are not going to get int's with value 345. If you mean a function other
than memset, then how do you write it without a for() loop &c ?

--
Tristan Styles #1485

Failure is not an Option
It is Standard Operating Procedure
--



Tue, 06 May 2003 03:00:00 GMT  
 How can I initialize an array?
Tim schrieb:

Quote:

> What's wrong with using memset()?

> for example,

> int a[40];
> memset(a, 345, 40* sizeof(int));

On most implementations 345 won't fit into an unsigned char, so the
pattern will not be what you expect. However it _could_ work on some
others where CHAR_BIT > 8

it is not guaranteed to work for anything except unsigned char
arrays and unsignes ints.
Definitely not on arrays of pointers, floats, doubles and most types
of structs.

Kind regards
Robert

<snip>
--

I don't make my mistakes more than once. I store them carefully and
after some time I take them out again, add some new features and
_reuse_ them.
--



Tue, 06 May 2003 03:00:00 GMT  
 How can I initialize an array?

Quote:

> What's wrong with using memset()?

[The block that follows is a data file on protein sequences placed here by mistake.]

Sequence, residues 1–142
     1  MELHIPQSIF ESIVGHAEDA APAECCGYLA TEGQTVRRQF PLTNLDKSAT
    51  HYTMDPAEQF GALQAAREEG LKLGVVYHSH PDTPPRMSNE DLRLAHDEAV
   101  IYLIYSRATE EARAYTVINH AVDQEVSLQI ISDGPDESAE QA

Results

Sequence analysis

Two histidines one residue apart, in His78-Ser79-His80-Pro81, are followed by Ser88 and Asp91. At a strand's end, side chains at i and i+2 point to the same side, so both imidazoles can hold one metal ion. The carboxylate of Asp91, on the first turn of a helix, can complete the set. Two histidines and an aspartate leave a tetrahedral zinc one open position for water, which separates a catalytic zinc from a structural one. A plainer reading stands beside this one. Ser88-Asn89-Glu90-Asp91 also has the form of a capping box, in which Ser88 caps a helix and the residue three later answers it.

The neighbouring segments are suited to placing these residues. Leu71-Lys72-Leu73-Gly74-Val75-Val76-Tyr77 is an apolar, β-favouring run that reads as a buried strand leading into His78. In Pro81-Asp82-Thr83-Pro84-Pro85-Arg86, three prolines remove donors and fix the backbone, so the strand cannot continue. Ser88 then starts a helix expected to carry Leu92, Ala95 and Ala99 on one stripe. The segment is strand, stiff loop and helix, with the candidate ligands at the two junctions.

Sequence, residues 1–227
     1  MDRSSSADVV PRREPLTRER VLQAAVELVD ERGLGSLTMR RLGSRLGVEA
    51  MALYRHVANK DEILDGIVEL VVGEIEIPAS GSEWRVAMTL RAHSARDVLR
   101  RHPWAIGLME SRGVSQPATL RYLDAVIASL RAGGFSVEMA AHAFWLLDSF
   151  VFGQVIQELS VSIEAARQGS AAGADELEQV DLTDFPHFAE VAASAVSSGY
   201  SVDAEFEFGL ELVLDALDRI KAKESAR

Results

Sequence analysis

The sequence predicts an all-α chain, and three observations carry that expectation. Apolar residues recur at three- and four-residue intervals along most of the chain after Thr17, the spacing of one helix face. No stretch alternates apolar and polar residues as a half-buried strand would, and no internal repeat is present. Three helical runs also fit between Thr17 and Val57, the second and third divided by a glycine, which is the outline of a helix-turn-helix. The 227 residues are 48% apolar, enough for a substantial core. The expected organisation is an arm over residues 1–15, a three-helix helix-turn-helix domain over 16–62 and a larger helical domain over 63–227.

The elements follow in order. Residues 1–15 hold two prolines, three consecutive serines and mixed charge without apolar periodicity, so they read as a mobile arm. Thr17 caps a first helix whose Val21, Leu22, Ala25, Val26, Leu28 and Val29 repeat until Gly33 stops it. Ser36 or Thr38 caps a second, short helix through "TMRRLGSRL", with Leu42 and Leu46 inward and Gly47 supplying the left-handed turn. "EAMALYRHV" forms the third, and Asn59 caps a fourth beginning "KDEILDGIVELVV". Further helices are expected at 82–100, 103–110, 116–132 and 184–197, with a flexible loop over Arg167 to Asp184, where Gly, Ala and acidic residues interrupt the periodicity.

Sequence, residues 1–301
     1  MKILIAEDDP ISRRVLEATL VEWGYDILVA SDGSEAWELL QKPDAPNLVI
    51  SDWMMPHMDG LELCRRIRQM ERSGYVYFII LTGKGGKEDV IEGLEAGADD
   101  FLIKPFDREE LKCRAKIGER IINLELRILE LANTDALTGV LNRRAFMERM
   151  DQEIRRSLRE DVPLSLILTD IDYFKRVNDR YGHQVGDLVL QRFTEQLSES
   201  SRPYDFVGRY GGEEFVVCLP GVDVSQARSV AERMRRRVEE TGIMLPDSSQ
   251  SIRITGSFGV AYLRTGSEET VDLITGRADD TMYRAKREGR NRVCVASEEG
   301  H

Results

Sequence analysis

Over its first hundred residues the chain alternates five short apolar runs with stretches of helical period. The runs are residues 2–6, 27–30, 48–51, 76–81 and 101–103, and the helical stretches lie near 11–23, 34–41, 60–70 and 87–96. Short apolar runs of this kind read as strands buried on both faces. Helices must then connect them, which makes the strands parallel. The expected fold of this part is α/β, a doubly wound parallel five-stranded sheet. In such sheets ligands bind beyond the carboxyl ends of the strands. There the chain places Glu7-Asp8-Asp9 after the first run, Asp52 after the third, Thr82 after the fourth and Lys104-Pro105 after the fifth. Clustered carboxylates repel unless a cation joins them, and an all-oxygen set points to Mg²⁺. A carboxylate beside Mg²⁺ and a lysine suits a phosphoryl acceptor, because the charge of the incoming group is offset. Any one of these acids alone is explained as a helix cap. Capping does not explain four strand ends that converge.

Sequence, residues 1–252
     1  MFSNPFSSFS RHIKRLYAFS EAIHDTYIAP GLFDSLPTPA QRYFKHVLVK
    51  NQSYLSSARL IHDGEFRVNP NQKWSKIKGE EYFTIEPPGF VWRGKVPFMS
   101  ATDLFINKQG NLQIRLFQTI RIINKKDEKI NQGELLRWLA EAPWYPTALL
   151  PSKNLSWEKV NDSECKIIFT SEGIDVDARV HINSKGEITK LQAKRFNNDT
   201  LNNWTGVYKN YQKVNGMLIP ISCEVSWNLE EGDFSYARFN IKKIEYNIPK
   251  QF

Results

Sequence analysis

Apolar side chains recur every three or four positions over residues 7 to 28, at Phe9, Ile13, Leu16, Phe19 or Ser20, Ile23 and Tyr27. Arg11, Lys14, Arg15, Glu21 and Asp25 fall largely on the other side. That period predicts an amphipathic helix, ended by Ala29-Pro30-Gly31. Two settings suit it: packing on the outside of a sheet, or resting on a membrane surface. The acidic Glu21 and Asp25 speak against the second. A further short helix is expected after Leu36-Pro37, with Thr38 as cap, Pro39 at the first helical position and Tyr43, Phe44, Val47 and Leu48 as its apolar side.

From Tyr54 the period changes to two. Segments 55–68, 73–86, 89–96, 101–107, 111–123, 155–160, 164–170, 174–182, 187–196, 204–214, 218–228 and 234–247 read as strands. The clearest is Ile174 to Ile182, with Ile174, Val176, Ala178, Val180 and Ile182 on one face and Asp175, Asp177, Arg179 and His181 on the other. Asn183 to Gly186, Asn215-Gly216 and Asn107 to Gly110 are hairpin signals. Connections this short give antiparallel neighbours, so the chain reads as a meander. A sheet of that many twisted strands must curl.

> for example,

> int a[40];
> memset(a, 345, 40* sizeof(int));

Try it. Test it. I'll bet you you don't get the answer you counted on
getting.

Hey, I'll save you some typing...

#include <stdio.h>
#include <string.h>

int main(void)
{
  int a[40];
  int i;
  memset(a, 345, sizeof a); /* or, if you prefer, 40 * sizeof(int). It's
the same number */
  for(i = 0; i < 40; i++)
  {
    if(a[i] == 345)
    {
      printf("Hey, Tim's right!\n");
    }
    else
    {
      printf("%d? Oops, Tim's wrong.\n", a[i]);
    }
  }
  return 0;

Quote:
}

--
Richard Heathfield
"Usenet is a strange place." - Dennis M Ritchie, 29 July 1999.
C FAQ: http://www.eskimo.com/~scs/C-faq/top.html
K&R answers, C books, etc: http://users.powernet.co.uk/eton
--



Tue, 06 May 2003 03:00:00 GMT  
 How can I initialize an array?

Quote:

> What's wrong with using memset()?

> for example,

> int a[40];
> memset(a, 345, 40* sizeof(int));

That sets all the _bytes_ to 345 (which, of course, is likely, though
not guaranteed, to be far too much for a byte, and therefore to be
converted to unsigned char, usually to 89), not all the ints.

Richard
--



Tue, 06 May 2003 03:00:00 GMT  
 How can I initialize an array?

Quote:
>What's wrong with using memset()?
>for example,
>int a[40];
>memset(a, 345, 40* sizeof(int));

I just wondered if there was any way of doing it without that
function.

Kind regards,

Fernando Ariel Gont

[To send a personal reply, please remove the ANTISPAM tag]
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Tue, 06 May 2003 03:00:00 GMT